Has freedom of association in the UK been fatally compromised when the owner of a bed-and-breakfast is prosecuted for declining to cater to homosexuals? Has freedom of association in the UK been fatally compromised when a Moslem can simply accuse the Christian owner of a bed-and-breakfast of “discrimination” … and the Christian has to prove her innocence, rather than the Moslem proving her guilt?

Is there not a straight line between the silly notion that “all discrimination is wicked (and must be stamped out by the government boot)” and the wicked notion that Christianity, and even common morality, must be stamped out?

Here in the US, in the Southern States, the infamous Jim Crow laws required businesses to discriminate against black citizens and potential customers. And so, to correct that injustice, in the US as a whole, the “liberals” have certainly turned things around … now, whites (and especially men) must be discriminated against in schooling and hiring practices.

mattghg said...

Is there not a straight line between the silly notion that “all discrimination is wicked (and must be stamped out by the government boot)” and the wicked notion that Christianity, and even common morality, must be stamped out?

Not sure if it's a straight line, but that the way things seem to be going in the UK at least.

Ilíon said...

To discriminate between two or more things, or events, or states, is:
1) first, to distinguish between them as separate entities;
2) and then, to distinguish between one’s valuing of them in relation one to the other.

Now, it is utterly impossible for us to live without doing both these steps about everything we encounter, or even merely think about. This is not to say that we always correctly distinguish between things, or that we always correctly value the things we do distinguish, just that we always do value or “disvalue” everything we distinguish (even to be “neutral” about something is to place a value on it in relation to some other entity).

So, to assert that it is wrong/immoral to “discriminate” is to assert that it is wrong/immoral to do what one *must* do simply to get through one’s day. And, the assertion is itself an instance of making a discrimination, so the assertion is self-referentially incoherent.

Most of the discriminations we make during any day are “low-level;” they’re not morally significant, but we make them simply do choosing this over that. That we usually make them on autopilot, so to speak, or following habit, that we rarely consciously deliberate the discrimination doesn’t change what it us.

But, Christianity (or morality, to the extent in is separate from religion) explicitly is about training us to make proper discriminations: to value this, to disvalue that, to be neutral on the other thing.

So, on the one hand, we have the now-official social dogma, endorsed and supported by the “movers and shakers” of society, that “discrimination” is wicked. Never mind the logical incoherency.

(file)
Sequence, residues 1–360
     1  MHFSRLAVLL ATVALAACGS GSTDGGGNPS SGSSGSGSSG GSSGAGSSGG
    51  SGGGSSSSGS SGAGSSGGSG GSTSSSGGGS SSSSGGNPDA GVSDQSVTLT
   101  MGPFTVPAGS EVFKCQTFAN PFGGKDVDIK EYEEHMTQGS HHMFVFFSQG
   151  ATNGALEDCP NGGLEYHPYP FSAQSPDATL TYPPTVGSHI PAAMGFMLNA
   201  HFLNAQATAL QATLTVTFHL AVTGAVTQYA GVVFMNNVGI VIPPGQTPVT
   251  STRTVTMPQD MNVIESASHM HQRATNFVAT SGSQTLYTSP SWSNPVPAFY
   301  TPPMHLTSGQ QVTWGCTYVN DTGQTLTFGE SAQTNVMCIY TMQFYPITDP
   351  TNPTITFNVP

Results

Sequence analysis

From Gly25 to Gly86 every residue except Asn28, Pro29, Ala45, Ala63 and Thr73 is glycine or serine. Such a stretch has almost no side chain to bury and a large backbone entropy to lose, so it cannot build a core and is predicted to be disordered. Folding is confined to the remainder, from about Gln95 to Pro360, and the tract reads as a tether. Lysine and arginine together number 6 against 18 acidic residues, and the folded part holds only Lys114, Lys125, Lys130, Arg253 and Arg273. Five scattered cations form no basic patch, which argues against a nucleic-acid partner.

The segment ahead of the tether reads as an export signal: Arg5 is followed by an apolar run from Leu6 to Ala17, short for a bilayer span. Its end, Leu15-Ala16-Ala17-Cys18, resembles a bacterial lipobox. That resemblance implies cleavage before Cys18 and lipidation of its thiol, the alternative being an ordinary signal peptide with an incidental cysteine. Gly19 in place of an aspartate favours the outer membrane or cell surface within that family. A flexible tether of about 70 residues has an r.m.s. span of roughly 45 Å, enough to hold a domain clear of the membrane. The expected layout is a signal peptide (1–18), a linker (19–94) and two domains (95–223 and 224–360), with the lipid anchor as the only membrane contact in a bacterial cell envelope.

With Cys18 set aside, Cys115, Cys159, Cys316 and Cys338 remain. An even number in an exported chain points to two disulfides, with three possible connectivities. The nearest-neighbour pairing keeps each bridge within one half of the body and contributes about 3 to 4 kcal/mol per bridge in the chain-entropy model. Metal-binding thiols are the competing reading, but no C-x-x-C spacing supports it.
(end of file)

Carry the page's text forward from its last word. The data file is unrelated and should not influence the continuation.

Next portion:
And, on the other hand, we have common morality, which is *all about* making explicit discriminations. And we have Christianity, which is (among other things) about training us in making explicit moral discriminations.

There isn’t room enough in the world for what is on those two hands to co-exist: it’s the logic of human nature that each of the two must each try to eliminate the other.

Paul Wright said...

More comments in the comment feed: blimey...

Here's a good one: the recent sexual orientation cases (Ladelle, the registrar; and McFarlane, the relationship counsellor) are clearly freedom of association cases. How so? Because their employers in both cases had policies which said that they were against discrimination against gays. In McFarlane's case, he agreed to the employer's policy as part of his contract of employment (paras 3 and 4 of the judgement). In the Ladelle case, the employment appeal tribunal commented that the council "were not required to connive in what they perceived to be unacceptable discriminatory behaviour by relieving the claimant of these duties. They were entitled to adopt as an objective an unambiguous commitment to the non-discriminatory provision of services by all staff who in the normal course of events, would be required to carry out those services. It would necessarily undermine that objective to make an exception for the claimant. Accordingly, their refusal to accommodate the religious belief of the claimant did not in our judgment involve unlawful indirect discrimination."

Now, you may argue that these employers have a freedom to chose who they associate with which is being eroded in the case of Christian organisations. As I've said, I'd agree that such organisations should be able to chose who they employ, though organisations which do discriminate against gays should not be the recipients of public money.

Still, it seems odd for Christians to complain about these two cases on the one hand, and ask for their own freedom of association on the other, just as it was odd that the same bishops who voted down parts of the Equality Bill because it would restrict their religious freedom also were against Quakers being able to perform civil partnership ceremonies (civil partnership ceremonies, like civil weddings, cannot have religious components to them under the current law). Much of this argument starts to sound like special pleading.